Yesterday, January 24, was International Day of Education which was celebrated globally around the theme of “Learning for people, planet, prosperity and peace”. The celebration positioned education and the learning as humanity’s greatest renewable resource. In line with the theme, the day celebrated the many ways learning can empower people, preserve the planet, build shared prosperity and foster peace. Our news analyst MERCY MALIKWA caught up with educationist STEVE SHARRA to share some insights on the ‘people’ aspect of education. Excerpts:
Is our education system in Malawi doing enough to empower people, end inequalities and improve their well-being?
We do have policies whose rationale is to empower people, end inequalities and improve well-being. Policies such as free primary education, free secondary education, free health services, among others. These policies have the potential to achieve people empowerment, end inequalities and improve well-being because they can contribute to human capital and talent development especially for groups who do not have the means.
However, the reality is that these policies are not being implemented in an efficient manner, resulting in efficiencies that worsen the very problems they are supposed to address. Hence public schools are dominated by children from poor families whereas those with the means send their children to private schools. Our colleges and universities are now dominated by students from well-to-do households, and very few students from poor families. The same goes for public health facilities.
Is there anything that can be done to improve the benefits that Malawians realise from education?
We need to extend the level of public investment in public services for poor Malawians. We need to introduce free, or at least affordable early childhood care and education to as many children as possible in order to give them a good start in education. This will prepare them well for primary school. We also need to improve conditions in primary schools by reducing the teacher: pupil ratio which is currently very high and makes teaching and learning a nightmare for both teachers and learners in many of the public schools. We need to reduce the burden on poor parents who are unable to afford even the small amounts requested as community contributions in the form of school development funds. There are families who can afford to pay, and they should pay.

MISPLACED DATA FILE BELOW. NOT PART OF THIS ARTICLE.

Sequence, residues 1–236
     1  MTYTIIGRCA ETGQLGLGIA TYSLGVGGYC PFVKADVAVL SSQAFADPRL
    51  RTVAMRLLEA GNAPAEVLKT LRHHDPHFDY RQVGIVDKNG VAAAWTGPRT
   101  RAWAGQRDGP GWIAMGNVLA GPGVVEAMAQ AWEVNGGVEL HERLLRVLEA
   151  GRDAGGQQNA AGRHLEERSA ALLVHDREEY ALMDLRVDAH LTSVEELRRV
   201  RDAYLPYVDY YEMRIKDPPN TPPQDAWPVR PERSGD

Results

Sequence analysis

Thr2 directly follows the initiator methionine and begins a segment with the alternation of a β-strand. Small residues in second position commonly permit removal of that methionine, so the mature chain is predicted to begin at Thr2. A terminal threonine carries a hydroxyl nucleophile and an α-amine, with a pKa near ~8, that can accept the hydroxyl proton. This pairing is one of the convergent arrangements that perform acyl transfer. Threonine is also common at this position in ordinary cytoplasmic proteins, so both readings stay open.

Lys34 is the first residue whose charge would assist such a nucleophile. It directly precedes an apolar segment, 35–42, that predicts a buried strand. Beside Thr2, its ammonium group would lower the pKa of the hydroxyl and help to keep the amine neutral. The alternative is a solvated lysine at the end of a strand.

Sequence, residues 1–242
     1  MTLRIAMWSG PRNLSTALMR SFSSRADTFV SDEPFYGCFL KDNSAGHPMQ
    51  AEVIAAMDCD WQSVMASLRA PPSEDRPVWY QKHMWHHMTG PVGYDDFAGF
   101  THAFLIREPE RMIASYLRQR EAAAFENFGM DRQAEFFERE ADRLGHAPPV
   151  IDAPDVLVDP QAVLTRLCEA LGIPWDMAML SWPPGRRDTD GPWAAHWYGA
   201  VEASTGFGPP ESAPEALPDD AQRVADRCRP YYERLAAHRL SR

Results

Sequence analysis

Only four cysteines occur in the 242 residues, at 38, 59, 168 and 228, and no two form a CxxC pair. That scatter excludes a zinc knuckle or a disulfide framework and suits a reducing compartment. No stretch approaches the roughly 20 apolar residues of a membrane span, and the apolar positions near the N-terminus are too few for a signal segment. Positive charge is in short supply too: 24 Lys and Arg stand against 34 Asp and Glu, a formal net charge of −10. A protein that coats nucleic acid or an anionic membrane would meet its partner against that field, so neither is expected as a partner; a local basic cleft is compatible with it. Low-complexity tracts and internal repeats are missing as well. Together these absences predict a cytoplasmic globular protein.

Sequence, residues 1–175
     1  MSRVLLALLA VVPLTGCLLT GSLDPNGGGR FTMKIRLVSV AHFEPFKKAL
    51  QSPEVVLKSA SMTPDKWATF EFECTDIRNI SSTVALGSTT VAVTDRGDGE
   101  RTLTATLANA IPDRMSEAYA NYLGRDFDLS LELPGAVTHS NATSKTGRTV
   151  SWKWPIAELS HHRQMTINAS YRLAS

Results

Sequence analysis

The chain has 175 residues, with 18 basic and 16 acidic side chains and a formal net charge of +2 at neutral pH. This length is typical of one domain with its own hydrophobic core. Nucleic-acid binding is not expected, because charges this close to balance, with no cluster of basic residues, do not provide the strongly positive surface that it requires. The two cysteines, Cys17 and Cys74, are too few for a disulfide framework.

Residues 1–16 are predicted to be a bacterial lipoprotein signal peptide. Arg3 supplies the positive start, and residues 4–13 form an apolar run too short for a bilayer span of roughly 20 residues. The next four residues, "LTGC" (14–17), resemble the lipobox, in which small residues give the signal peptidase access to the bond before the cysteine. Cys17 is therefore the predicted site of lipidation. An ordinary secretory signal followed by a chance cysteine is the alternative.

But many families cannot, and that is why we still have very high drop-out rates. Out of about one million children who enter Standard One every year, three quarters do not make it to Standard Eight. They drop out, largely due to conditions in the public schools, and failure to make community contributions such as school development fund, exam fees, etc.
Why is a larger population of young Malawians out of school when they should be in school?
It is a national scandal that 82 percent of young Malawians aged 14-17 years old are out of school, according to the 2018 population census report. This is due to two factors: the high drop-out at the primary level, and the inadequate number of secondary schools. Our secondary school enrolment is barely 400 000, and our tertiary enrolment is less than 100 000, yet we have more than 3.6 million Malawians aged 15-24, the appropriate age for participation in secondary and tertiary education.
With poverty being the order of the day in most Malawian homes where, in worst cases, children are forced to drop out of school, what measures can be put in place to ensure that people have got at least equal opportunities when it comes to attaining minimum education?
The response to Question 2 addresses this question, but what I can add is that addressing the drop-out and out-of-school-children problem requires massive investments into public education and public health services. Because of the size of our economy, it is not enough to say education gets the lion’s share of the national budget. We need to see quality education as an investment for the future. It is an investment that can provide equal opportunities to poor families and contribute to human capital and talent development and address the problem of inequality and inefficiency. It is a chicken and egg scenario, in other words.